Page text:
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Security & privacy

Malicious new apps are stealing bank details – Here’s what to look for

Screen recordings can be very useful when you want to explain something to a friend. A screenshot can also help you remember places, prices or contact details. But when malware records your screen without your knowledge, you are in trouble.

Malware that steals your personal details isn’t anything new. But the concern level gets raised when apps that are perceived to be secure aren’t.

A cybersecurity company recently made a startling discovery: A malware variant that has screen recording and keylogging as its main function. This poses a major threat to users, as all their personal details can be stolen with ease.

Here’s the backstory

The discovery of malware dubbed Vultur was made by security company ThreatFabric in March this year and was shocked to learn of the malware’s capabilities. The company explained that it was the first time they have seen malware operate in this manner.

What makes it rather remarkable, is that Vultur is Remote Access Trojan (RAT) that automatically harvests personal information. It can be scaled by the hackers according to need and targets banking apps along with others including WhatsApp, Viber Messenger, Tik Tok, Facebook and Messenger.

The built-in keylogger captures everything you type and then sends it to a remote server.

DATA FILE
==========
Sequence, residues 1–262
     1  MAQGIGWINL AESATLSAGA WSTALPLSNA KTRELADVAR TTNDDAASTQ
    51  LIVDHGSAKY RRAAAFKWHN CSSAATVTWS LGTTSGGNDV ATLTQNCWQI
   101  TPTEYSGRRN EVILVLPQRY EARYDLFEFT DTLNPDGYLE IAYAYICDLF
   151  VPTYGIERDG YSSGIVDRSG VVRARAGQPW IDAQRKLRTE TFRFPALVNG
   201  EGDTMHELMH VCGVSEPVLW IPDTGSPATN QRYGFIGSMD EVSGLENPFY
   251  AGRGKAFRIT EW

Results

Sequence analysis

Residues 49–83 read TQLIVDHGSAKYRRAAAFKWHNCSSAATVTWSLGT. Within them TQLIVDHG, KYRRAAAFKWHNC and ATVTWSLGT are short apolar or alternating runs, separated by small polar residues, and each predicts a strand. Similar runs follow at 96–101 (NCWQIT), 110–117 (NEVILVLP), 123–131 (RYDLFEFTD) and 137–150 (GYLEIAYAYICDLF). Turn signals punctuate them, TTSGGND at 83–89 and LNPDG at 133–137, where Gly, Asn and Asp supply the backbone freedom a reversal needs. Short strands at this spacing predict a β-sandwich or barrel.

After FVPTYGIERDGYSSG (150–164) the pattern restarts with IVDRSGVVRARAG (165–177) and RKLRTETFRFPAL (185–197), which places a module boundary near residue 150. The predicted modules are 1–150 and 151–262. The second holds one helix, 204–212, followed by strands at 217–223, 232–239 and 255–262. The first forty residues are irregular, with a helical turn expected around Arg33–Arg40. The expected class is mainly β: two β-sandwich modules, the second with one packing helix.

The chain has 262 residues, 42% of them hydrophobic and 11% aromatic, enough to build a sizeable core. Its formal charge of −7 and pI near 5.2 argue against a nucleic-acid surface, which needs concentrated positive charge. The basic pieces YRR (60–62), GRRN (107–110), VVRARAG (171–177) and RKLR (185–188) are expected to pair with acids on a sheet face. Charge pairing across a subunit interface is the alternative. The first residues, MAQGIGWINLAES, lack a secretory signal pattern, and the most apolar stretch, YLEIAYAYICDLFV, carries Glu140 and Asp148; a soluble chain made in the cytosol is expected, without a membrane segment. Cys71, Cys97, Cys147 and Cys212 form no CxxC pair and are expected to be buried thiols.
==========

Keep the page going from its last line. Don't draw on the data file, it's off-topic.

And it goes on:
But that isn’t all it can do. The main purpose of the malware is to screen record login details to cryptocurrency wallets and banking apps. Most of the bank apps affected are from Spain, Italy, Portugal, the U.K. and Australia. Crypto wallets that Vultur targets include Coinbase, Coinbase Pro, Binance and HitBTC.

What you can do about Vultur

ThreatFabric was able to determine where the malware originates. It became apparent that Vultur is loaded onto the victim’s phone through infected apps in the Google Play Store and is based on an old virus called Brunhilda.

This strain of malware was found in an app called Protection Guard, which had more than 5,000 installations. The company speculates that Brunhilda could have as many as 30,000 victims since infected apps are also available on third-party app stores.

To keep your mobile phone and private data safe, you should always:

  • Avoid third party app stores – Download apps only from the official Google Play Store.
  • Stick to known apps and developers – Only download popular apps or apps with lots of good ratings. Some malicoius apps will have fake reviews boasting of how great it is. Tap or click here for ways to spot the fakes.
  • Always stay updated – Keep your mobile phone’s operating system up to date.
  • Have trustworthy antivirus software – Install a reliable antivirus solution on all of your devices.

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